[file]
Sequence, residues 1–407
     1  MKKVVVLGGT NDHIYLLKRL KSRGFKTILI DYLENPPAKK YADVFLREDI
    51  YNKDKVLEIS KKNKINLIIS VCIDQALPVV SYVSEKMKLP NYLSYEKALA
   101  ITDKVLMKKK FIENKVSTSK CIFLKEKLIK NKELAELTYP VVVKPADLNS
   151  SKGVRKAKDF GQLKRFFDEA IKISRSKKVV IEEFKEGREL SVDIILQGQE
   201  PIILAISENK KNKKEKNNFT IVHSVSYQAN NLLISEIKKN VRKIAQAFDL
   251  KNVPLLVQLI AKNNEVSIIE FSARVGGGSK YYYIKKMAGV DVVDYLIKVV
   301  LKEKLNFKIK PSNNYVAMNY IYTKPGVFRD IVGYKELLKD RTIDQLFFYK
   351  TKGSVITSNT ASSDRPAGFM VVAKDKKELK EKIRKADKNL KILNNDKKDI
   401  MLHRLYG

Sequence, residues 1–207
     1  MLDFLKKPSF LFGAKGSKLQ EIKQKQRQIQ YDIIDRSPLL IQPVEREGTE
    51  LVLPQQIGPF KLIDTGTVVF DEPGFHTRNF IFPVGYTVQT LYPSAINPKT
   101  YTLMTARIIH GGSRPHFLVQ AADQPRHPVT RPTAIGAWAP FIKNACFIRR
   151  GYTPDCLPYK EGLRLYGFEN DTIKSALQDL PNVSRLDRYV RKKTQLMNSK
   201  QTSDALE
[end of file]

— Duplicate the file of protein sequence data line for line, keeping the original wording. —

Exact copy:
Sequence, residues 1–407
     1  MKKVVVLGGT NDHIYLLKRL KSRGFKTILI DYLENPPAKK YADVFLREDI
    51  YNKDKVLEIS KKNKINLIIS VCIDQALPVV SYVSEKMKLP NYLSYEKALA
   101  ITDKVLMKKK FIENKVSTSK CIFLKEKLIK NKELAELTYP VVVKPADLNS
   151  SKGVRKAKDF GQLKRFFDEA IKISRSKKVV IEEFKEGREL SVDIILQGQE
   201  PIILAISENK KNKKEKNNFT IVHSVSYQAN NLLISEIKKN VRKIAQAFDL
   251  KNVPLLVQLI AKNNEVSIIE FSARVGGGSK YYYIKKMAGV DVVDYLIKVV
   301  LKEKLNFKIK PSNNYVAMNY IYTKPGVFRD IVGYKELLKD RTIDQLFFYK
   351  TKGSVITSNT ASSDRPAGFM VVAKDKKELK EKIRKADKNL KILNNDKKDI
   401  MLHRLYG

Sequence, residues 1–207
     1  MLDFLKKPSF LFGAKGSKLQ EIKQKQRQIQ YDIIDRSPLL IQPVEREGTE
    51  LVLPQQIGPF KLIDTGTVVF DEPGFHTRNF IFPVGYTVQT LYPSAINPKT
   101  YTLMTARIIH GGSRPHFLVQ AADQPRHPVT RPTAIGAWAP FIKNACFIRR
   151  GYTPDCLPYK EGLRLYGFEN DTIKSALQDL PNVSRLDRYV RKKTQLMNSK
   201  QTSDALE